September 28, 2015

2015 Nonprofit Technology Staffing & Investments Report

2015 Nonprofit Staffing ReportNow in our ninth year of collecting and reporting on these nonprofit technology spending and practices data, this research provides valuable benchmarks to help you assess and plan your technology budgets and strategies, and considers the nonprofit sector as a whole to gauge the maturity and effectiveness of technology strategies and use.



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With NTEN’s theory of change in mind, this report examines technology staffing levels, technology budgets, overall organizational approach to technology decisions, as well as technology oversight and management practices. Over 700 individuals from nonprofits participated in taking the survey, ranging from various operating budget size, staff size, and more.

Key findings from this year’s survey:

  • On average, nonprofits have 4.6 technology-responsible staff.
  • On average, each technology responsible staff supports about 28 organizational staff members.
  • We continue to see a positive trend in terms of including technology in strategic plans with 66% of all respondents indicating this practice.
  • The median technology budget as a percentage of the organization’s total operating budget across all organization sizes in our survey ranges from 1% to 2.2%.
  • We asked respondents to indicate the number of technology-responsible staff with technology credentials (e.g., a degree or certificate in IT, computing, or programming). We found a strong correlation between Technology Adoption and number of technology-responsible staff with credentials.
  • We have seen some positive change regarding respondents conducting Return on Investment (ROI) evaluation for technology investments: while we’ve seen no increase in firm Yes’s here, we see the following: last year only 36% reported conducting informal or infrequent ROI, compared to 42% this year. This has moved the “No” responses from 48% last year to 41% this year.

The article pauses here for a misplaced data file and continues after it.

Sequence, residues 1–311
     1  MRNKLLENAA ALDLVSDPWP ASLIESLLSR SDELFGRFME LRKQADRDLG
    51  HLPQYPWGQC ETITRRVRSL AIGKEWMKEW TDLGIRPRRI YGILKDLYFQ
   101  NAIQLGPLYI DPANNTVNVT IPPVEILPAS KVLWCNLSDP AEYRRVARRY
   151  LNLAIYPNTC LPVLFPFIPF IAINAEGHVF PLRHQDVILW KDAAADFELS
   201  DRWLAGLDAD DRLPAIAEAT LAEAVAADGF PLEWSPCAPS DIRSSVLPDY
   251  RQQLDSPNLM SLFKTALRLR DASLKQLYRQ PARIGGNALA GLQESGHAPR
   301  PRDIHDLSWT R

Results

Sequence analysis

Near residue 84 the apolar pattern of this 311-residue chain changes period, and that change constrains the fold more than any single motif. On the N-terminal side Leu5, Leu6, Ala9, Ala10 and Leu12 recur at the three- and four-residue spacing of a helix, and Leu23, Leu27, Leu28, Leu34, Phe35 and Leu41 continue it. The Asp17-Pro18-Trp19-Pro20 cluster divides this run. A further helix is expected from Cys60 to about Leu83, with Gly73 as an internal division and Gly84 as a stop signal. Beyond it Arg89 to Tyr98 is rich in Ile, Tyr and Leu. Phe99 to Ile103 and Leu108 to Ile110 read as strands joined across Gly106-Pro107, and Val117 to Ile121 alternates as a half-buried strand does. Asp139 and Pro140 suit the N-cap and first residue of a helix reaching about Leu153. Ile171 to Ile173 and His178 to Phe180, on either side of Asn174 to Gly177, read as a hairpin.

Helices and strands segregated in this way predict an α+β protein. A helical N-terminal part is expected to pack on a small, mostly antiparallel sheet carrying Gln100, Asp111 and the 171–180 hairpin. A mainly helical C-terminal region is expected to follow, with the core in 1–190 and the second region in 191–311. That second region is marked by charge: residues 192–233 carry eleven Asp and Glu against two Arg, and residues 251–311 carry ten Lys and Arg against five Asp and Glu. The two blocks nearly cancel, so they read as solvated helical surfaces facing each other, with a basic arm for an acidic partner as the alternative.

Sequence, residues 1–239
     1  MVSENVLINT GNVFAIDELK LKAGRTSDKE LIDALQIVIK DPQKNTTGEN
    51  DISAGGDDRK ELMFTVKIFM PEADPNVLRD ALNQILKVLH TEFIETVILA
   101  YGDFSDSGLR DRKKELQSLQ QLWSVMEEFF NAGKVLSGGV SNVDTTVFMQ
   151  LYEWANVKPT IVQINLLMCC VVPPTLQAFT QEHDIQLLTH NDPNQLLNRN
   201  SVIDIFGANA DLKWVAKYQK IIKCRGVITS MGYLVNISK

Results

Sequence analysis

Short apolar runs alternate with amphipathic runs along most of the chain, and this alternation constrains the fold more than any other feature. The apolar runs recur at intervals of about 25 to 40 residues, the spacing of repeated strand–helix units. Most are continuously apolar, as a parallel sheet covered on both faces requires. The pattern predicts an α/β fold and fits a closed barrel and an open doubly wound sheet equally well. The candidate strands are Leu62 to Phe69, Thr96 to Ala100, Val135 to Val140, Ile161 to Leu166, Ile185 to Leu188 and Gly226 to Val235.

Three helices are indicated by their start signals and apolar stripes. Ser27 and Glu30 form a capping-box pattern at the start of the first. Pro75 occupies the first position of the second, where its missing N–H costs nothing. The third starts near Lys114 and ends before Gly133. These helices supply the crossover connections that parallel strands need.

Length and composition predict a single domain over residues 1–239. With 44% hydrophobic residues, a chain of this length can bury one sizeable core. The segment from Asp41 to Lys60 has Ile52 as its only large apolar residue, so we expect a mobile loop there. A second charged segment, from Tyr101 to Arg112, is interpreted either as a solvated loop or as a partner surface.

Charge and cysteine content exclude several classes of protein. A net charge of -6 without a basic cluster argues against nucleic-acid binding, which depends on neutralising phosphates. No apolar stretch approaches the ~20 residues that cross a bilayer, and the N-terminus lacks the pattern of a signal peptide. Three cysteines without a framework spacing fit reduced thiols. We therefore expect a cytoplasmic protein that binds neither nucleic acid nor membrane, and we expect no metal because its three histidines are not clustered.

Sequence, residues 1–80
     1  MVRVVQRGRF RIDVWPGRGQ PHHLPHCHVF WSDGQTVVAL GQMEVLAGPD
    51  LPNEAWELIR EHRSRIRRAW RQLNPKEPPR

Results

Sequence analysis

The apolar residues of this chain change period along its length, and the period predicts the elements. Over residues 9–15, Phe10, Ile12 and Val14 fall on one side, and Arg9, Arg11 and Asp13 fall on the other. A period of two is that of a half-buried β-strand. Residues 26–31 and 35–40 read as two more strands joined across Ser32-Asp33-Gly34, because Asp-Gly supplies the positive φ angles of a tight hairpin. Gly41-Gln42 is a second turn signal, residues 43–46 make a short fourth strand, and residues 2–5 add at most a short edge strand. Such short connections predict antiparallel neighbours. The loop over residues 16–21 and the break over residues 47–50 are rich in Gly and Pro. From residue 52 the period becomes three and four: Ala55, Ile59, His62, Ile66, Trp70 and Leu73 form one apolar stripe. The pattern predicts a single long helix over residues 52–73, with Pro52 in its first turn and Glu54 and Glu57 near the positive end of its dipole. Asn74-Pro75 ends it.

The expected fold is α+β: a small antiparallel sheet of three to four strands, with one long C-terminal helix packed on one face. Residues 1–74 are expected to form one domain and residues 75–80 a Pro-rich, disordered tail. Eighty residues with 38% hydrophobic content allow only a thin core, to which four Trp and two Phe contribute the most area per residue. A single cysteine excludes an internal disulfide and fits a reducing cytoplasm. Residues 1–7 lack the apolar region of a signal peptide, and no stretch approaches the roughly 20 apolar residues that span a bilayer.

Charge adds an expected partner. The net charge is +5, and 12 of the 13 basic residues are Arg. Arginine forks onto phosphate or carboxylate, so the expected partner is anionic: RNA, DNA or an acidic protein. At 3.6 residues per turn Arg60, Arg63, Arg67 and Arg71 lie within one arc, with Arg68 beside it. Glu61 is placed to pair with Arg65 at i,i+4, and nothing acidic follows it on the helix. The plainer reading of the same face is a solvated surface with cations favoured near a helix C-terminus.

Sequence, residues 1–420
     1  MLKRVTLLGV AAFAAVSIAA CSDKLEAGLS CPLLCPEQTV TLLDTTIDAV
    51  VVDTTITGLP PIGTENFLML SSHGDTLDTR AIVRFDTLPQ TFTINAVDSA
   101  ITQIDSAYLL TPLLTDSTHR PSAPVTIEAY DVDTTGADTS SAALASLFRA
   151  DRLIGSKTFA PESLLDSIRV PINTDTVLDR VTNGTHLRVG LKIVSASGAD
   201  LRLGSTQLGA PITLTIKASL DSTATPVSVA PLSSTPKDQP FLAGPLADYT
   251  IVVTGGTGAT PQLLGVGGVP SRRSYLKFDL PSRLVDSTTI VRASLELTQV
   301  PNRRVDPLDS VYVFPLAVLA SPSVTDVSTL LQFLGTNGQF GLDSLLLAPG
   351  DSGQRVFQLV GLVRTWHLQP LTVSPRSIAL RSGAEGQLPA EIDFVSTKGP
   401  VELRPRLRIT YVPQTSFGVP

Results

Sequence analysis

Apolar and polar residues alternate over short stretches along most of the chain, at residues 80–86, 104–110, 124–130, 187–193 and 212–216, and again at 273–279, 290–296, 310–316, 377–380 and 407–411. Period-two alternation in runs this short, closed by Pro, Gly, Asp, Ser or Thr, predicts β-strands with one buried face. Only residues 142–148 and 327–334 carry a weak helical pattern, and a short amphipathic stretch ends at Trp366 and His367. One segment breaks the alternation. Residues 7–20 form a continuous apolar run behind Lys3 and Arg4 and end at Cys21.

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Amy Sample Ward
Amy is dedicated to educating and supporting organizations in using technology to create meaningful community engagement and make lasting change. Whether it is by connecting individuals, organizations, campaigns, or possibilities, Amy hopes to facilitate the nonprofit technology sector transitioning into a movement-based force for positive change. In addition to serving as NTEN’s CEO, she is a speaker, author, and trainer having worked with groups and spoken at events around the world. In 2013, she co-authored Social Change Anytime Everywhere: How to implement online multichannel strategies to spark advocacy, raise money, and engage your community with Allyson Kapin. She previously co-authored Social by Social, a handbook in using social technologies for social impact, and has contributed to various other publications about social change and technology. After opportunities to live and travel around the US and beyond, she is happy to be back in her native state of Oregon. Offline, Amy is hiking, biking, or exploring with her husband, son, and dog, with a preference for Oregon’s coast or wine country.